Sarah has given birth to Isaac, a happy event, and Isaac is growing. Back in those times, polygamy was the custom, and Hagar, Abraham’s other wife, has a son called Ishmael. Sarah does not want Ishmael to have the same rights of inheritance as Isaac, so she asks Abraham to send Hagar away. In a nomadic desert environment, this is an especially cruel thing to do.

God tells Abraham to grant Sarah’s wish and assures Abraham that God will take care of Hagar and Ishmael. In a heart-wrenching scene, Abraham tenderly gives Hagar some bread and water, puts little Ishmael on her shoulder, and sends her away. She wanders in the wilderness of Beer-sheba. When the bread and water are gone, Hagar puts Ishmael under a bush so that he can at least have some shade, and she prays to God that she will not have to watch her child die.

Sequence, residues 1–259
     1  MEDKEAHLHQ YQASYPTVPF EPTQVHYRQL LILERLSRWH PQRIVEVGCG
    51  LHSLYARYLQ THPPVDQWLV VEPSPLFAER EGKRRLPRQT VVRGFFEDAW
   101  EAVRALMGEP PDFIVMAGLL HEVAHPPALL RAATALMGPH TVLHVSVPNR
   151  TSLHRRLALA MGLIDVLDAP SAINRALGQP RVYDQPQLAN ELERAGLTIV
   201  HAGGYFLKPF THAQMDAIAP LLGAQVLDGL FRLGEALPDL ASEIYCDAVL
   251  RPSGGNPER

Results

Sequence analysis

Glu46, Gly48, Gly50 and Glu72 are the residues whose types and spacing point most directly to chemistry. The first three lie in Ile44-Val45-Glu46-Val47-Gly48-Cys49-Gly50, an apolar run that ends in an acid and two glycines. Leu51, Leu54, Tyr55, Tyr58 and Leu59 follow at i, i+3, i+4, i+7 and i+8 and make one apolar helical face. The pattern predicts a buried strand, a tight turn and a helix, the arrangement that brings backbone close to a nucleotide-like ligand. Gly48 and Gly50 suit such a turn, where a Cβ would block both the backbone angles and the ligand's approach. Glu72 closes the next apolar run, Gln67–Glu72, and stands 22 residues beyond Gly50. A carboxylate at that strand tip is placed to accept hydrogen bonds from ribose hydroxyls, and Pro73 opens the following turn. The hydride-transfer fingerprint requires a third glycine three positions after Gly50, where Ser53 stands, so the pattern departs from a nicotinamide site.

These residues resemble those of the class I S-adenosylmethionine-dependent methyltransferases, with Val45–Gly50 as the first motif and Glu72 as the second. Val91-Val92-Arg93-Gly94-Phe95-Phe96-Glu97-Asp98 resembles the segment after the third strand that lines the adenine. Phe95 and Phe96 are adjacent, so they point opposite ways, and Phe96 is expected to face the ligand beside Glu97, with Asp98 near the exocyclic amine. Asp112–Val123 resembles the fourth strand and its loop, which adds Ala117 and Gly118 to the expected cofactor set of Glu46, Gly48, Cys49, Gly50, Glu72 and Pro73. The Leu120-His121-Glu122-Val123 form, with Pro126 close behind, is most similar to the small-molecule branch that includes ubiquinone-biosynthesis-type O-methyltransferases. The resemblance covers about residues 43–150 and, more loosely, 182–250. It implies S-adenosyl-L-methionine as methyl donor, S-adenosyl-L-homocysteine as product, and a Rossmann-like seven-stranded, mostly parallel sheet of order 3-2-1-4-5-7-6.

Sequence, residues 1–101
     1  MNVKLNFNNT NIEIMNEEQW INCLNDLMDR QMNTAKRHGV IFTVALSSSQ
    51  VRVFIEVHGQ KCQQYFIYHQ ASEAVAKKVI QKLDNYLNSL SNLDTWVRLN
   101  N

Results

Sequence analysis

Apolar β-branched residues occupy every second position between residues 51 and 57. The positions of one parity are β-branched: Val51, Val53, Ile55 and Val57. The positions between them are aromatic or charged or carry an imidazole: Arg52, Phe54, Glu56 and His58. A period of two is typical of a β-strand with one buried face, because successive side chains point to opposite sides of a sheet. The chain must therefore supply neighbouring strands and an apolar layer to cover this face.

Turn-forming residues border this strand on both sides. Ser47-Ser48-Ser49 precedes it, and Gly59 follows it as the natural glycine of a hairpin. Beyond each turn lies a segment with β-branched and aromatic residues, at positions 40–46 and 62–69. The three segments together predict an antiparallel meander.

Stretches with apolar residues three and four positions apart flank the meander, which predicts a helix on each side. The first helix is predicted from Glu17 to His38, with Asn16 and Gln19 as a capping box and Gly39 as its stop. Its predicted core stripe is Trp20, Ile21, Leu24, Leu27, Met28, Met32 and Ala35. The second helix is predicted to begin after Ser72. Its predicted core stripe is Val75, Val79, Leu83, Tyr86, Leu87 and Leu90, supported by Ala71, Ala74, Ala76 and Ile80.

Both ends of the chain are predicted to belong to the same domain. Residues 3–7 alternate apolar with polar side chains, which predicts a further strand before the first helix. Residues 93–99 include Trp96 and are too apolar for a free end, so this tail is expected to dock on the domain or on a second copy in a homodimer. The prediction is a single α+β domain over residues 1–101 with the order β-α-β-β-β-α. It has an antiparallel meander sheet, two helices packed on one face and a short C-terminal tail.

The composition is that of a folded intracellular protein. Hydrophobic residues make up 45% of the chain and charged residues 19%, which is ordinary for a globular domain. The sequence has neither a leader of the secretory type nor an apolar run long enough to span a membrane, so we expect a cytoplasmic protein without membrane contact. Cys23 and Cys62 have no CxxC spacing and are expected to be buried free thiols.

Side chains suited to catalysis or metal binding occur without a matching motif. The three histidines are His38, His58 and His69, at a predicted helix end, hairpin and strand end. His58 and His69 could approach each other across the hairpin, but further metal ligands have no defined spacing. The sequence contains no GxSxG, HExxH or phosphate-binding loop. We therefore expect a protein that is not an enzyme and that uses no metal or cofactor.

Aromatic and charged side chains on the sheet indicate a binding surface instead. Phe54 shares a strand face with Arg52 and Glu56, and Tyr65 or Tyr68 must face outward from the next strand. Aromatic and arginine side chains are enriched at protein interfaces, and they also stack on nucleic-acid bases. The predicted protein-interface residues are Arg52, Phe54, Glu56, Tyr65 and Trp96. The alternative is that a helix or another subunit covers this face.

God answers her prayer. She looks and sees a well nearby and gives Ishmael some water. God promises to make a great nation of Ishmael.

Thus Abraham becomes the father of both Jews and Arabs.

It is important to note that, at this very moment,  children are dying of hunger and thirst in many places around the world because of war and famine. This reading calls us to join with God in offering mercy and help to these people. Episcopal Relief and Development and other groups are doing just that every day.

Our gospel for today is filled with many profound thoughts. Our Lord is letting us know that his light will reveal everything. He is also preparing his followers to face persecution. He says, “Do not fear those who can kill the body but cannot kill the soul.” He assures us of God’s love. God cares about one sparrow. God knows us and loves us. Jesus tells us God knows the number of hairs on our heads. As one wag put it, “God counts the hairs on our heads—and on our wigs, too!”

But then our Lord says something that shakes us to our foundations: “Do not think that I have come to bring peace  to the earth; I have not come to bring peace, but a sword.” And then he describes all the divisions that will happen because of him. Son against father; daughter against mother; daughter-in-law against her mother- in-law.